Phaedra was the daughter of King
of Crete and his wife Pasiphae
. She was therefore the sister
Interestingly, both Phaedra and Ariadne were involved with the same
man—the hero Theseus. For, some time after Theseus abandoned
Ariadne, he married Ariadne’s younger sister.
Unfortunately, neither of the sisters had a successful relationship
with Theseus. Phaedra had the misfortune of falling in love with
Hippolytus—the handsome but chaste son of Theseus and the Amazon
Hippolyta. Even though Phaedra was Hippolytus’s mother-in-law,
this did not prevent her from desiring the young man.
In the play Hippolytus composed by Euripides, the great Greek poet and
dramatist, the goddess Aphrodite claims
responsibility for making Phaedra the victim of lust.
Aphrodite speaks in the prologue:
“Phaedra saw him [Hippolytus]
and her heart was filled with the longings of love.
This was my work.”
As much as Phaedra desires the young man, Hippolytus wants nothing
to do with his mother-in-law. Naturally, this doomed relationship is
the stuff of tragedy. In the play, Phaedra commits suicide, shamed by
her inappropriate—and unreciprocated—passion.
However, she leaves
a note that blames Hippolytus on the grounds of attempted seduction.
When Theseus returns from one of his many journeys, he finds his wife
dead, and his son apparently is the cause of her demise.
In the end, Hippolytus too is killed.
Returning home from one of his frequent journeys, Theseus reached out
to greet his wife, Phaedra, who shied away from his embrace. Surprised by
this cold reception, Theseus looked inquiringly at his son Hippolytus.
During his absence, Phaedra had fallen in love with her stepson, and
could hardly meet her husband’s eyes.
’Unworthy of your praise and unable to approach you,” said Phaedra,
“I must not from now on think of hiding.”
Theseus then turned to Hippolytus, asking, “What is
this strange welcome that you give your father, my son?"
Hippolytus replied, "Only Phaedra can explain the mystery.”
Infuriated by his rejection and humiliation, Phaedra appealed to Theseus,
accusing Hippolytus of raping his step-mother.
Theseus summoned his son, who told his father what happened between
both of them. His father, however, refused to believe his son’s
insistence on innocence.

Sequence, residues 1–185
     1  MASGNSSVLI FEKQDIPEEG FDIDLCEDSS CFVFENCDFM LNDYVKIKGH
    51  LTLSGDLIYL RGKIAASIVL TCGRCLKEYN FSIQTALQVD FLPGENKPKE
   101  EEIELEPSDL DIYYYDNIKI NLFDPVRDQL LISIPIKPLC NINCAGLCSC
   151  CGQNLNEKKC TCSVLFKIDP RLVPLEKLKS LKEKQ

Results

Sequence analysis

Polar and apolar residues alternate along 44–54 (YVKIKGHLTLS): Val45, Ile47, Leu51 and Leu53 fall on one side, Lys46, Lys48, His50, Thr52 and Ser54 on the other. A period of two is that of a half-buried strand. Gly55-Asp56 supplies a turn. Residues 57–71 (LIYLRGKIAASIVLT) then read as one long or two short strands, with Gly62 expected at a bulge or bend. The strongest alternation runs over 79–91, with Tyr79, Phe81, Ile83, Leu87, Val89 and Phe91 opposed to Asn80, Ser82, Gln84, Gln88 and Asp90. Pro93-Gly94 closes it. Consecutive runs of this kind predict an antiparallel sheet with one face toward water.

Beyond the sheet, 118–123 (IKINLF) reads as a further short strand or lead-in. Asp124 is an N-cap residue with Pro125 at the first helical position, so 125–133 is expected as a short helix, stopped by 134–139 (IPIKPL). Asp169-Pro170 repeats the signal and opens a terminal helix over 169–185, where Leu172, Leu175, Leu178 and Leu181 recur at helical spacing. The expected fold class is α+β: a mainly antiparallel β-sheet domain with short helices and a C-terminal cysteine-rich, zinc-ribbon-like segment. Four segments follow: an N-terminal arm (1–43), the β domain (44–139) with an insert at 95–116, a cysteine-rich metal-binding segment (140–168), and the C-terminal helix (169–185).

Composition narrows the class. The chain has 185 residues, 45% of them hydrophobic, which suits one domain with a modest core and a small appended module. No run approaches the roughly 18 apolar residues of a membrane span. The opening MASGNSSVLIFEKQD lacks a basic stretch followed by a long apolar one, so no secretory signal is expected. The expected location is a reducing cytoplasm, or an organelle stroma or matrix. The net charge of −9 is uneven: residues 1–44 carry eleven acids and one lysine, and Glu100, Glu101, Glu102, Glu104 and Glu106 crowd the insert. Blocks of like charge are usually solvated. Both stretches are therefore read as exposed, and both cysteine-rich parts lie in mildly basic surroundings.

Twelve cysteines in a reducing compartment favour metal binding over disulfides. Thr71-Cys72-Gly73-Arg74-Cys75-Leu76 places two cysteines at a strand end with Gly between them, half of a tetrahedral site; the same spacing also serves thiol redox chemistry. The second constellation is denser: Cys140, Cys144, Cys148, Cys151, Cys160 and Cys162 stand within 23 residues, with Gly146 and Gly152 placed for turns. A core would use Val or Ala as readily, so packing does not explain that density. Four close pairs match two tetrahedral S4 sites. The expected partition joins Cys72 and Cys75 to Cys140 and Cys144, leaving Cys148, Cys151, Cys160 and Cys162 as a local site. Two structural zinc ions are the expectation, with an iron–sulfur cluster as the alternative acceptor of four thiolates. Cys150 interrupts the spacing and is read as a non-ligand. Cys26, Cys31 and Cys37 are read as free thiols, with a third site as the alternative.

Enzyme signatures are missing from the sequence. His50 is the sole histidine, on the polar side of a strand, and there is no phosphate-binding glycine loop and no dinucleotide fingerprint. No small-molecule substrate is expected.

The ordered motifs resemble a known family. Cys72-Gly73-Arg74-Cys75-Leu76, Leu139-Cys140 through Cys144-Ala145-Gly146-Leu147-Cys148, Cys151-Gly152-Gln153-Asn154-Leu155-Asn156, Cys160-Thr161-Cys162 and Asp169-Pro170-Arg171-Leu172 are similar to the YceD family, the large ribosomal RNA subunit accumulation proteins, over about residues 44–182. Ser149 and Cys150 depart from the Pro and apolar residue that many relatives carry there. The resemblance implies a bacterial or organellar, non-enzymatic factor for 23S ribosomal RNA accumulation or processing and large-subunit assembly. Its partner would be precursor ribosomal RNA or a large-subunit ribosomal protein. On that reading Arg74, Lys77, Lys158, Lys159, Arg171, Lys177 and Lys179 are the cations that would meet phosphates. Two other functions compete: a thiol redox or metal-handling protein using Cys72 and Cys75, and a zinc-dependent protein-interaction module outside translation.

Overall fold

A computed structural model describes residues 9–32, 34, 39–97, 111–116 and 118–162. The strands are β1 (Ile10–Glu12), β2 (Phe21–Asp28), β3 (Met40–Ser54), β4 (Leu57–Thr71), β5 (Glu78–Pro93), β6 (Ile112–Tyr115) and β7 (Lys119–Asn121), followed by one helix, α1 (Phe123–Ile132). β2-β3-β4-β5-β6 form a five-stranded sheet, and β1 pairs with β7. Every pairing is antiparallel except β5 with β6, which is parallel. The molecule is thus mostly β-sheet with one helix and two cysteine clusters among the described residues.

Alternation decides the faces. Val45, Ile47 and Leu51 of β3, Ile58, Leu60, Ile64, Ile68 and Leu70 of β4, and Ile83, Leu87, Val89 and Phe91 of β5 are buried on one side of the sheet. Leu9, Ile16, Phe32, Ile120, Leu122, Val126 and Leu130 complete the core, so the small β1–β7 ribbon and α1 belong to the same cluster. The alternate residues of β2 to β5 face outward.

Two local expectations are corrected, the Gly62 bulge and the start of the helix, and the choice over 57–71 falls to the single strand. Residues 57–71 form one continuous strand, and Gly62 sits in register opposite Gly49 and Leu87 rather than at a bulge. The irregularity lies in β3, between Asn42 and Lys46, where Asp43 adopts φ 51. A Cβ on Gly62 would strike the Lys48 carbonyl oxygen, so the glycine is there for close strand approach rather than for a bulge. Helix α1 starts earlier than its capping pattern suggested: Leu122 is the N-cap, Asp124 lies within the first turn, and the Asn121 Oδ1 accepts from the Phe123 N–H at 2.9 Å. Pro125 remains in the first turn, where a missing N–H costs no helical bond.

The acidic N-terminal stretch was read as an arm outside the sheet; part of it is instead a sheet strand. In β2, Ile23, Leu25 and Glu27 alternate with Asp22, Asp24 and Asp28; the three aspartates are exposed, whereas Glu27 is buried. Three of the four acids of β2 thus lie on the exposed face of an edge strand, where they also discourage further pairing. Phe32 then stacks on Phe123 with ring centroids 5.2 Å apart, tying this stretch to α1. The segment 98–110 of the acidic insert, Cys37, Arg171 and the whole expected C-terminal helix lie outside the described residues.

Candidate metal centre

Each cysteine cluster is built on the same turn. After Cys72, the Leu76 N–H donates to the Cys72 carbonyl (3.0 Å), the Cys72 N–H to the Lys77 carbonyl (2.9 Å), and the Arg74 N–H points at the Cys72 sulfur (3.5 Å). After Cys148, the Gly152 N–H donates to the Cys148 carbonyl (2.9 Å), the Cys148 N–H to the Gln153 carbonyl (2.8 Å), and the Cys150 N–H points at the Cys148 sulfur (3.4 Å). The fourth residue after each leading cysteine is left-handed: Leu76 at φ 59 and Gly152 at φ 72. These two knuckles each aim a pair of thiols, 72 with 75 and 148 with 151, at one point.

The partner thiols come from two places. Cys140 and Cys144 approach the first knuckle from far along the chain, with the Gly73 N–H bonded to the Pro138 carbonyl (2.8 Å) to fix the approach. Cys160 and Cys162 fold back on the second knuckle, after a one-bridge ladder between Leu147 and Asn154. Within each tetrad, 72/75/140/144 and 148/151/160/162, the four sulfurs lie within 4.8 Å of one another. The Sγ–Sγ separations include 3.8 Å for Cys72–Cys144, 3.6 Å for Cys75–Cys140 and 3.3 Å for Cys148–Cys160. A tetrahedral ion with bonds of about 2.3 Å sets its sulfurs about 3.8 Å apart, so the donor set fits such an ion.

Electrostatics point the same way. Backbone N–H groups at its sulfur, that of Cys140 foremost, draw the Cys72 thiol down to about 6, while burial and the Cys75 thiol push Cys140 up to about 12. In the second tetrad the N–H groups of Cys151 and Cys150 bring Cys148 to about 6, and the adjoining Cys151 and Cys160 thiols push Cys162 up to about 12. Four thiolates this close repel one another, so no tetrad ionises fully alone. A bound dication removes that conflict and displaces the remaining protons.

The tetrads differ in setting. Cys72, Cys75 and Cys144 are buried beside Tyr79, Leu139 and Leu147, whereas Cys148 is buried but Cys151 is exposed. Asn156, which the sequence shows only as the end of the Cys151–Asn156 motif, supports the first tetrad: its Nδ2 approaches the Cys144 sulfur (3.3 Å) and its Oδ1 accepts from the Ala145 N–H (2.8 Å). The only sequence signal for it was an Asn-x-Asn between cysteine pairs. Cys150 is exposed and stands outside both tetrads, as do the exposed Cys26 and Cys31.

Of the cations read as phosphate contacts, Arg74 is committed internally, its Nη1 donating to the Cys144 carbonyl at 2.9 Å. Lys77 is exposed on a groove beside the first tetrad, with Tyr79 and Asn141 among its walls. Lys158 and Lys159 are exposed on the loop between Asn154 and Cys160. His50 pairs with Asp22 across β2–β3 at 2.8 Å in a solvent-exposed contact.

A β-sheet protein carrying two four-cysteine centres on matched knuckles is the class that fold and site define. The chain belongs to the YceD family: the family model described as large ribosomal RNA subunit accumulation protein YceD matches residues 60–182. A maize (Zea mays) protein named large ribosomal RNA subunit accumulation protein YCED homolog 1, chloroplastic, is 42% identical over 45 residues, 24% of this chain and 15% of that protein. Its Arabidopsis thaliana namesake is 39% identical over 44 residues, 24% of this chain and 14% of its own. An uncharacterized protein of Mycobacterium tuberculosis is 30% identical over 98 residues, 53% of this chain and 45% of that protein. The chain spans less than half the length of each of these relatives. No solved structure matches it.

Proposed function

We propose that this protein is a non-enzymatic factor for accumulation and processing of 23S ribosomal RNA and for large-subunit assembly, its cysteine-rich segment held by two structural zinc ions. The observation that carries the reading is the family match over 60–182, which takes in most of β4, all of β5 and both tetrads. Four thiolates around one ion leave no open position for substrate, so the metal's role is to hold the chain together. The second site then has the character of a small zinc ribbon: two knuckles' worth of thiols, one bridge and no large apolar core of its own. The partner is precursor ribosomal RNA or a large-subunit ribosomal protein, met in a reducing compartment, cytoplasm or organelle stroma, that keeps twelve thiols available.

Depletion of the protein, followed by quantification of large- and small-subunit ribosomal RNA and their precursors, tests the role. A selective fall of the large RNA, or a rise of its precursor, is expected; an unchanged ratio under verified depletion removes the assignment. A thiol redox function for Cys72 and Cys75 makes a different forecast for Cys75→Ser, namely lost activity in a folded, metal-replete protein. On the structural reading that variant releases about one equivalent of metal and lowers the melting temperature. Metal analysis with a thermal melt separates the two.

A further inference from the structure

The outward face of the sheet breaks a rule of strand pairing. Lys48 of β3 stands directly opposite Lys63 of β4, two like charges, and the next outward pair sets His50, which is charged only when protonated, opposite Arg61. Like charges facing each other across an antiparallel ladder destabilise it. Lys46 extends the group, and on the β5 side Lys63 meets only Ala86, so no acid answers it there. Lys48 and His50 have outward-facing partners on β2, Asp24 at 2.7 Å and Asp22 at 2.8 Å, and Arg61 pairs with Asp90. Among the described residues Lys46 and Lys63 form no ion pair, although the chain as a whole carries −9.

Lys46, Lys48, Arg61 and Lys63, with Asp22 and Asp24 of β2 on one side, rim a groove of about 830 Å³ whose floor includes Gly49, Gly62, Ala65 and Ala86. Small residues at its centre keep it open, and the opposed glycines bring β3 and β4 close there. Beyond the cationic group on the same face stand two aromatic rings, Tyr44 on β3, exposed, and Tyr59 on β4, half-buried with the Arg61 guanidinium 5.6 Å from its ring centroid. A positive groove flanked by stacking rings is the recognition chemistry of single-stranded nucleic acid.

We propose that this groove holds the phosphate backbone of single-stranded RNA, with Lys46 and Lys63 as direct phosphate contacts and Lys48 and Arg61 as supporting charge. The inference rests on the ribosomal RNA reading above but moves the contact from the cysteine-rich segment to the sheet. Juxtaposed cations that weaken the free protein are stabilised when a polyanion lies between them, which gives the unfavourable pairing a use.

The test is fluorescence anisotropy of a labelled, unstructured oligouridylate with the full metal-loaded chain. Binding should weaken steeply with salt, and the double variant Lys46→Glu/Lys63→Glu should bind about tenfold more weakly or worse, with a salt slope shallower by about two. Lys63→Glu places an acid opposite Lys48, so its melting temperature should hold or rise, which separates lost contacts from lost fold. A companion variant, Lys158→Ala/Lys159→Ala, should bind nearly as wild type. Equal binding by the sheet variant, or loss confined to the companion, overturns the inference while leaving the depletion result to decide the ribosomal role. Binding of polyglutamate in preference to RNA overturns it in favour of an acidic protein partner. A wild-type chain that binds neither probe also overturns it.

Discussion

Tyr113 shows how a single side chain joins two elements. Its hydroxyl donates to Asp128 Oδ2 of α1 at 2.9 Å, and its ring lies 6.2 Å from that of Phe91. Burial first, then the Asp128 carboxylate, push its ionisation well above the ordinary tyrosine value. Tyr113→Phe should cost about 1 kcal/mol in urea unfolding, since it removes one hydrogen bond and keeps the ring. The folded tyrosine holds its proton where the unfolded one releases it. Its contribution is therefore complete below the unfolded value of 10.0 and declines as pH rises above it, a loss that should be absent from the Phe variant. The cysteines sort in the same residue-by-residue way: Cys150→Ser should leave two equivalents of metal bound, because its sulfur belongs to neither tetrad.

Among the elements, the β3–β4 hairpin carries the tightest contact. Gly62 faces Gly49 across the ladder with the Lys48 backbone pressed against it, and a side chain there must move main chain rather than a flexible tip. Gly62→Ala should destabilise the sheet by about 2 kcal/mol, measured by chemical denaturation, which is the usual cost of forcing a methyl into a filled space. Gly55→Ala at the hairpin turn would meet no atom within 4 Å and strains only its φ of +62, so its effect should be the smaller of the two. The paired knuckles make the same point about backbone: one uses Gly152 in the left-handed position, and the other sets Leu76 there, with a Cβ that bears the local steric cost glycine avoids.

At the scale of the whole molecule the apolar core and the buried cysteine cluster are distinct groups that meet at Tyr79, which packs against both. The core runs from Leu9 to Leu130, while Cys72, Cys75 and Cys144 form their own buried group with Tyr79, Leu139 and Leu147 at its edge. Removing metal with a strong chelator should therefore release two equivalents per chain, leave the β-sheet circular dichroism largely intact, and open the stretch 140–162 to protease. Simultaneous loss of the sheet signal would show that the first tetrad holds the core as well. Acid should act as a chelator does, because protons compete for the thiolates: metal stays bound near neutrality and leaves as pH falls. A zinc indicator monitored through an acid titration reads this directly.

“Father, can’t you believe the words of your own son?” Hippolytus
gazed at Theseus.
Both eyes met like a duel.
“Son, Phaedra has been faithful all these years. If you insist on
her wickedness, tell me why she suddenly changed into an unfaithful wife.”
“I don’t know, sir, but I’ve never raped any woman in my life.”
“Haven’t you ever desired any woman at all?”
“Well … yes, I have, but desiring a woman is totally different from
“Regardlessly, you enjoyed watching the nude of your step-mother, and
you admitted it.”
“Yes, but I didn’t have any other choice but to watch her in the
“Son, I’ll tell you what. You’re young, and young men make some
blunders—sometimes serious mistakes, but they can start their life from
scratch, all over again. A woman like Phaedra, on the other hand, would
never have a second chance. Once branded wicked, her life is over. You
know what I mean?”
“Sir, are you saying I should take the blame even if I haven’t done
“Phaedra accused you, and I have to take some action on it. If I
banish her on the account of her disgraceful conduct, her sons in Athens will suffer for
the rest of their lives. Phaedra has been a faithful wife and good
mother. To tell you the truth, I still love her, and I know you didn’t
rape her, but I want you to stay away from Troezen for some time.
Eventually, Hippolytus agreed with his father, who banished his own
son instantly. The lad mounted his chariot drawn by fine horses that he’d
trained and bred himself. Before he set out, the hapless prince turned
back to see the palace for the last time. He saw Phaedra, who stood on
the wall, watching him like a frozen figure. He couldn’t see her eyes but
sensed that tears of remorse wet her cheeks.
The above narration is not the official one—if there is one. I’ve
interpreted the myth my own way.